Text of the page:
Korea, Japan strike comfort women deal
The foreign affairs ministers of Korea and Japan sat down for a final negotiation in the afternoon in Seoul to resolve the decades-long impasse over the issue of the “comfort women,” thousands of women and girls forced into Japanese military brothels during World War II. Foreign Affairs Minister Yun Byung-se and his Japanese counterpart, Fumio Kishida, met for 70 minutes and announced the deal at a press conference in Seoul’s Ministry of Foreign Affairs.
In a televised media conference, Kishida announced a three-point statement that included an apology from Japanese Prime Minister Shinzo Abe.
“The comfort women issue is an issue in which the honor and dignity of many women were severely injured with the involvement of the Japanese military,” Kishida said. “From this perspective, the Japanese government fully realizes responsibility.”
Kishida stressed that the Japanese government has been serious about the issue and decided to take this opportunity to offer measures to heal the wounds of the former comfort women using the Japanese government’s budget. He said the Korean government will establish a foundation to support the former comfort women, and the Japanese government will fully finance the fund. The amount, Kishida, said will be about 1 billion yen ($8.3 million).
The two countries agreed that the settlement is final and irreversible as long as Japan faithfully follows through with its promise. The two governments also agreed that they will refrain from criticizing each other over the issue in the international community, including at the United Nations.
Following Kishida’s announcement, Yun also addressed the media and spoke about the Korean government’s position. Confirming that the settlement is final and irreversible as long as Japan keeps its promises, the Korean government will cooperate with the Japanese government’s measures, Yun said.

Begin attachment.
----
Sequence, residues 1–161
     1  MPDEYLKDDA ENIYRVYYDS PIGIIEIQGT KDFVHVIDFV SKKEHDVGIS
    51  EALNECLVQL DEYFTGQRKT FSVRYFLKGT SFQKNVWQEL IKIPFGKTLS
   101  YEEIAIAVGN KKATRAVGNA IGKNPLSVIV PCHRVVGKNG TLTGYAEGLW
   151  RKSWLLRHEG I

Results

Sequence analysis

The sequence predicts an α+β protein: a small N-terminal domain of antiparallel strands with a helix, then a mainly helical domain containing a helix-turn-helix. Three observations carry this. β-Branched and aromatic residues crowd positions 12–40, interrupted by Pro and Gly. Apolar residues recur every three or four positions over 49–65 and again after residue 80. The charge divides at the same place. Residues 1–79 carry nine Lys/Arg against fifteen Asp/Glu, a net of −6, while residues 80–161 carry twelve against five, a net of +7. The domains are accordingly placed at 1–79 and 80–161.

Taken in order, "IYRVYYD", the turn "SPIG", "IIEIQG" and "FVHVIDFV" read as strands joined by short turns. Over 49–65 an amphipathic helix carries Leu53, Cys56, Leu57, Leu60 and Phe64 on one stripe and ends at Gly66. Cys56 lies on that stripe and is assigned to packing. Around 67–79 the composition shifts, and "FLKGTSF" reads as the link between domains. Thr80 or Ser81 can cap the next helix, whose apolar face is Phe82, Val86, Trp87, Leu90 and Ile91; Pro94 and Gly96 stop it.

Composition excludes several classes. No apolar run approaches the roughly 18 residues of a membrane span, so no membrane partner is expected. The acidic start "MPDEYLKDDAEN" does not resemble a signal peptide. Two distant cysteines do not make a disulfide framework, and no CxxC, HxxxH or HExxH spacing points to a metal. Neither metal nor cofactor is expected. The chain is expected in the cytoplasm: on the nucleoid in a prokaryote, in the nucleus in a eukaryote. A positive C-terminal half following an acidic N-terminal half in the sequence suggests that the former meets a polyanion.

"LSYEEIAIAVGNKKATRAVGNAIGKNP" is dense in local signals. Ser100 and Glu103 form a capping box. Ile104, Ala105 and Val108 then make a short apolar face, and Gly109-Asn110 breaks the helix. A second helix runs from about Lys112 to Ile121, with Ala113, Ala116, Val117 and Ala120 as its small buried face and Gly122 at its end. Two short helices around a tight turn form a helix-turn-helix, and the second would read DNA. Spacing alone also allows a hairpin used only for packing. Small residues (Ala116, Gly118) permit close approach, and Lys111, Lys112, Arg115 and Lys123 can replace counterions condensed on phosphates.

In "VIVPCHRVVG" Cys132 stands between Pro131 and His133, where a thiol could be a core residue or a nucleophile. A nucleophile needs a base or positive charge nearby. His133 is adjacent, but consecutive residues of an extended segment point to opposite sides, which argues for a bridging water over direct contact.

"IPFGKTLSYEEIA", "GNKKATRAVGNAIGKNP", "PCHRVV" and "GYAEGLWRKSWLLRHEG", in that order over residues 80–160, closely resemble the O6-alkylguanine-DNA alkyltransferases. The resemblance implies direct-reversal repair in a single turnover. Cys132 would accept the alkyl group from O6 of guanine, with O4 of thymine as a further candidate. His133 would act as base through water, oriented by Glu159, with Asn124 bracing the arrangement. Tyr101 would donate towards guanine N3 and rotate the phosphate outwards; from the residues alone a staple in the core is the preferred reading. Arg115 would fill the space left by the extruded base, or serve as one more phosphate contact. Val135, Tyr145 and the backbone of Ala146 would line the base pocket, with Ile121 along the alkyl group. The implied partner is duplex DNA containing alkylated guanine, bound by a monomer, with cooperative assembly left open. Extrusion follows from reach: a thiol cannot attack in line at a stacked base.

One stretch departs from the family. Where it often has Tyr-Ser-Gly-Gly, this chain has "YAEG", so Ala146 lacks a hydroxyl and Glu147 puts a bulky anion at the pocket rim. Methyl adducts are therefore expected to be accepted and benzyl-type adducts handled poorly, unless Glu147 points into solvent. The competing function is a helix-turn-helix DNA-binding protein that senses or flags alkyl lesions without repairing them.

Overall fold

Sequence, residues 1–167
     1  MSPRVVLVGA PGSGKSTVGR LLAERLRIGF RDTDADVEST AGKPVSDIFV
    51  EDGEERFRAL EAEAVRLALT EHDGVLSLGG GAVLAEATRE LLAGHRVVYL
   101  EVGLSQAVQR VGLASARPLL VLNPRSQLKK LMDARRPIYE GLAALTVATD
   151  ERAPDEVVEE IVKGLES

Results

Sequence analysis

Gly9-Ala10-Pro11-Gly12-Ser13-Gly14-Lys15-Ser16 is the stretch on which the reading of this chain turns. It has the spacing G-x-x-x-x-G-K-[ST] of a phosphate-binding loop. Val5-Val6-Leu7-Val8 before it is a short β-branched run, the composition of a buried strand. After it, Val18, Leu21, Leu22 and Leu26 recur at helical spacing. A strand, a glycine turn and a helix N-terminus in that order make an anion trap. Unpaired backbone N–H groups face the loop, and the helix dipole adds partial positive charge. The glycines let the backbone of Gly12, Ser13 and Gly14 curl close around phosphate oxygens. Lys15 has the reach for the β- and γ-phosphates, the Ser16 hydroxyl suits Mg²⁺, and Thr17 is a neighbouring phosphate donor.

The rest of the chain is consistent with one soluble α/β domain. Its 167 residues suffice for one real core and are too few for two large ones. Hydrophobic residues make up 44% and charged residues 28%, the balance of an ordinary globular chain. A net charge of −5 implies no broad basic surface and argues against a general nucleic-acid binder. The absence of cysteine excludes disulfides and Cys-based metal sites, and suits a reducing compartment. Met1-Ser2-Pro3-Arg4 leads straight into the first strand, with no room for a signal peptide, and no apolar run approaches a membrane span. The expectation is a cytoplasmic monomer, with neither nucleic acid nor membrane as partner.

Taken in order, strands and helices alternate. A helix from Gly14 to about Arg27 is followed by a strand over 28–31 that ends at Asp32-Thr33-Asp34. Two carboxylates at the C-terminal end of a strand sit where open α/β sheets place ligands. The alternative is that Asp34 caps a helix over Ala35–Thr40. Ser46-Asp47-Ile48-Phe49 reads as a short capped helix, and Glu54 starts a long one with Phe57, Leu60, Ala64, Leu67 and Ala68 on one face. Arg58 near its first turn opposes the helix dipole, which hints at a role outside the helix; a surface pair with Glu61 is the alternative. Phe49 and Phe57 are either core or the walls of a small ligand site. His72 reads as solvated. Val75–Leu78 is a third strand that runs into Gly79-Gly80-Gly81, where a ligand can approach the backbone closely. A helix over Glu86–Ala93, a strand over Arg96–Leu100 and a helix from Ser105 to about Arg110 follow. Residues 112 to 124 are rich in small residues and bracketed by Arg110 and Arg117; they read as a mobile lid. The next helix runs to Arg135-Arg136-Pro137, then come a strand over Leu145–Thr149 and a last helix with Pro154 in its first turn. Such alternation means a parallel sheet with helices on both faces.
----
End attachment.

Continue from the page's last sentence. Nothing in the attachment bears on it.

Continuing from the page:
He addressed the sensitive issue of Japan’s protests of a monument to comfort women erected in front of the Japanese Embassy in Seoul. The bronze statue of a girl was set up in front of the embassy in central Seoul in 2011 and has become an international symbol of Japan’s brutal wartime sexual slavery.
“The Korean government acknowledged the Japanese government’s concerns over the statute for the security of the embassy,” Yun said. “The Korean government will try to find an appropriate resolution by consulting with concerned civic groups.”
Yun said that he was thrilled to announce the deal before the year’s end. This year marks the 50th anniversary of the normalization of relations between Korea and Japan, and the leaders of the two countries had expressed hope that the comfort woman issue could be resolved by the year’s end.
“I truly hope that the follow-up measures to today’s agreement will be fully implemented so that the honor and dignity of the victims of the Japanese military’s sexual slavery, who endured extremely painful years, will be restored and the wounds on their hearts healed,” Yun said.
Noting that the comfort women were the most difficult and thorny issue between the two countries, Yun also expressed hope for better bilateral relations in the coming years.
Later in the evening, Abe telephoned President Park Geun-hye and expressed his apology to the victims and his remorse, the Blue House said. Abe also promised to follow through with the project to restore the victims’ dignity and honor, stressing that the matter would be resolved for good through the deal.
Park said the agreement should serve to build trust between the two countries and open a new bilateral relationship, the Blue House said.
Park issued a statement to the nation Monday evening and sought public support for the agreement, calling it “an outcome with the best effort under the time constraints and reality.”
“We will make a country where our people will never have to suffer again,” Park said. “I seek a broader understanding from the victims and the people toward this agreement and Japan’s historic misdeeds for the sake of improving Korea-Japan relations.”
The issue has been the biggest source of friction between the two countries over the past decades. Kim Hak-sun, a former comfort woman, went public with her story in 1991, bringing public attention to the issue for the first time after four decades of silence. She died in 1997.
While historians estimated as many as 200,000 women were forced into the military brothels, only 238 registered with the government as former comfort women.
Of them, 192 have died. Among the 46 surviving victims, the eldest comfort woman is 99 years old, while their average age is 89, making it an extremely time-pressing issue for Seoul.